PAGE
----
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Re: rcs 5.8-1 checks out wrong version of file when using similar mark symbols

Csaba Raduly skrev 2012-03-27 09:37:
> On Mon, Mar 26, 2012 at 9:29 PM, Richard Gribble  wrote:
>> Using rcs 5.8-1:
>> Synopsis:
>>    Given two mark symbols, abc (version 1.1) and abcd (version 1.2),
>>    executing "co -rabc <file>" will check out version 1.2, when it
>>    should check out version 1.1.
>> I set the mark symbols as follows:
>>    rcs -nabc:1.1 -nabcd:1.2 <file>
>> I dug into it, and found the following (rcsrev.c):
>> 01:  static char const *
>> 02:  rev_from_symbol (struct cbuf const *id)
>> 03:  /* Look up "id" in the list of symbolic names starting with pointer
>> 04:     "GROK (symbols)", and return a pointer to the corresponding
>> 05:     revision number.  Return NULL if not present.  */
>> 06:  {
>> 07:    for (struct link *ls = GROK (symbols); ls; ls = ls->next)
>> 08:      {
>> 09:        struct symdef const *d = ls->entry;
>> 10:
>> 11:        if (!strncmp (d->meaningful, id->string, id->size))
>> 12:          return d->underlying;
>> 13:      }
>> 14:    return NULL;
>> 15:  }
>> Note that line 11 tests the name of the requested mark symbol
>> (id->string) against each element of a linked-list (ls) containing all
>> the mark symbols for the file.  The problem is that it will only test
>> the first 'id->size' characters - so R25 (from the command line) matches
>> R25a (from the list) because the first three characters match and it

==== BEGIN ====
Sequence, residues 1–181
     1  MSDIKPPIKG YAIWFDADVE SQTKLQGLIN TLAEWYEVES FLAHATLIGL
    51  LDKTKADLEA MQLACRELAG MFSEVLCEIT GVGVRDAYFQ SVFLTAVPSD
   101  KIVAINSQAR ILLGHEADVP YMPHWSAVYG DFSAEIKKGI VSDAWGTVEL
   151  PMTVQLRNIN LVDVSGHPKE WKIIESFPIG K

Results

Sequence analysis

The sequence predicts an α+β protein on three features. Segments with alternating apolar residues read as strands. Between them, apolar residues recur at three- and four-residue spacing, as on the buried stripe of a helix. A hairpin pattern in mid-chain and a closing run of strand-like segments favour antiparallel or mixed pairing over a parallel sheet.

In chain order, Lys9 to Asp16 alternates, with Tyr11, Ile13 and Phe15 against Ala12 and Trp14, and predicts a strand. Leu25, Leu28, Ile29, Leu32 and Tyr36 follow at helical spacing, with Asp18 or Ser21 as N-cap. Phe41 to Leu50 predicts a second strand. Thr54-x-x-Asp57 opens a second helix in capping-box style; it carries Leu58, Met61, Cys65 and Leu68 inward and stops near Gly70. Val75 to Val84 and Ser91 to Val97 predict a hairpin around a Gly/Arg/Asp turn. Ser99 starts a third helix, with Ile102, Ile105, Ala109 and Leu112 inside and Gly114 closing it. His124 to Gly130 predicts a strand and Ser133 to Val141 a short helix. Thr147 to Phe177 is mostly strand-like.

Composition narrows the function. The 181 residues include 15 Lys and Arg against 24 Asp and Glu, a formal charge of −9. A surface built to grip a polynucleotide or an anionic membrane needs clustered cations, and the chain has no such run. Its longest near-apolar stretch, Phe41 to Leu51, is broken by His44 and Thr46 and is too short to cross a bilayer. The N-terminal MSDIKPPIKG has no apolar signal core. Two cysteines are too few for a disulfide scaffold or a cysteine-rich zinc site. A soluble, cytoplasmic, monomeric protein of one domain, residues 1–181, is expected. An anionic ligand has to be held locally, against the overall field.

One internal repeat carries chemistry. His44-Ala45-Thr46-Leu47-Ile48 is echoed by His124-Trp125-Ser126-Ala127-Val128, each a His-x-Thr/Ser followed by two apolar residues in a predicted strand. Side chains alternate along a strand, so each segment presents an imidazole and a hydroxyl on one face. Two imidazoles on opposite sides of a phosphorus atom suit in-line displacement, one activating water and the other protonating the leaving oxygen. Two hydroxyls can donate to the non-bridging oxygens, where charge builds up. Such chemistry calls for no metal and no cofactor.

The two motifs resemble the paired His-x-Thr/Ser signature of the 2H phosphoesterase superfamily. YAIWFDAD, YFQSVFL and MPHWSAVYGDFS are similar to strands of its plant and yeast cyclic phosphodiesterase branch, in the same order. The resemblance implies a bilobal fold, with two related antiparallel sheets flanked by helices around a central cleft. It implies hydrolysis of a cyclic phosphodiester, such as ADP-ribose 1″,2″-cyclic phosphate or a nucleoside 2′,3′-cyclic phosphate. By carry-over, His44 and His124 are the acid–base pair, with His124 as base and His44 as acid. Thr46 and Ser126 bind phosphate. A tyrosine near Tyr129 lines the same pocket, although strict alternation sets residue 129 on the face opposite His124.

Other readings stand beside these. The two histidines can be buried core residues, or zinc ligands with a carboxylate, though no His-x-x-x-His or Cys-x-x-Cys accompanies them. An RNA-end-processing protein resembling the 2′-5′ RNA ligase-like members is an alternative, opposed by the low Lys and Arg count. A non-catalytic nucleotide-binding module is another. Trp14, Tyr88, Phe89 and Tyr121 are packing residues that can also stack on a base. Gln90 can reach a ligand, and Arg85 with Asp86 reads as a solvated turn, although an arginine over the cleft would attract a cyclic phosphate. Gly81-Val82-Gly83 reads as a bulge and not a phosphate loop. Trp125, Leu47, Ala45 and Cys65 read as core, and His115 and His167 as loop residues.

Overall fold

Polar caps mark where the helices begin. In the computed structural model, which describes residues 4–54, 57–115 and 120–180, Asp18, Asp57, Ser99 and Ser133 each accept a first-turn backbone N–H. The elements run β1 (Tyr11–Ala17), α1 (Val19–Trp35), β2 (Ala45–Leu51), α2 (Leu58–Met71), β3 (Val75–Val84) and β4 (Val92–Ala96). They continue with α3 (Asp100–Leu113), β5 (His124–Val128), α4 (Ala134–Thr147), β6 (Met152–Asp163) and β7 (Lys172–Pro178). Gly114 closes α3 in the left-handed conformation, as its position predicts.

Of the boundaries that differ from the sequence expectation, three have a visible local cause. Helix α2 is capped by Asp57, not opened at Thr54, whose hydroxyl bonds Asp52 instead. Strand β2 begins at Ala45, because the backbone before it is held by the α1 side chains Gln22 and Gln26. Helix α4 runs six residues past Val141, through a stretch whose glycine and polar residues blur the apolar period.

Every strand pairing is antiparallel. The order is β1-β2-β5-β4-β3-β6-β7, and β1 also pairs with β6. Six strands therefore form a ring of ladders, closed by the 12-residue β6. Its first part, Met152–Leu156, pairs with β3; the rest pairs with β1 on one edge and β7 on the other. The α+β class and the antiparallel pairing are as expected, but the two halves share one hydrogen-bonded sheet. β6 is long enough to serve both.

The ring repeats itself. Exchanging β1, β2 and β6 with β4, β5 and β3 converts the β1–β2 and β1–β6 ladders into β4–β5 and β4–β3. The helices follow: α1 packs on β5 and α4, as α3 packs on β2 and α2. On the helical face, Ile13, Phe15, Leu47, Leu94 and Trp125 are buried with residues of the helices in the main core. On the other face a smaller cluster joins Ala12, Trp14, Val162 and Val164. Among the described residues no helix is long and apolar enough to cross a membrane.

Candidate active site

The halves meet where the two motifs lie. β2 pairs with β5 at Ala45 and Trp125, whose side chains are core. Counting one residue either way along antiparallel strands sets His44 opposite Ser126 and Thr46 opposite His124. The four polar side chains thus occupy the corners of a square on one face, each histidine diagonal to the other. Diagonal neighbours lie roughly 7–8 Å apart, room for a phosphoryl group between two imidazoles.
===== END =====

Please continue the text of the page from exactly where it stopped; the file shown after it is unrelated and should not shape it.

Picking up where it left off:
>> won't test any more than that (strncmp).
>> I recommend modifying line 11 as follows:
>>    if ((strlen(d->meaningful) == strlen(id->size)) && !strncmp
>> (d->meaningful, id->string, id->size))
> I think strlen(id->size) is overkill :)
> If both strings (d->meaningful and id->string) are NULL-terminated ,
> then a simple call to strlen would do the job:

You mean a simple call to strcmp here.

> if (!strcmp(d->meaningful, id->string))
> It would do the right thing w.r.t. different lengths.
>> Of course, since you now know that the two strings are the same size,
>> you could use strcmp - but that assumes that the && short-circuits, and
>> I don't know if that's guaranteed.
> Yes, it required by the C standard.

But...careful!  You have to assume that the original authors were not
idiots!  Maybe the obvious strcmp was not used for a *good* reason?  I
can't tell if d->meaningful is guaranteed to be zero-terminated from the
limited context, but it sure is suspect.  Assuming that the original
authors were not idiots but instead made an off-by one error missing a
corner-case, the safer approach is to replace line 11 with:

11:        if (!strncmp (d->meaningful, id->string, id->size + 1))

That is, if id->string is guaranteed to be zero-terminated, which is
not clear either, but perhaps easier to verify...


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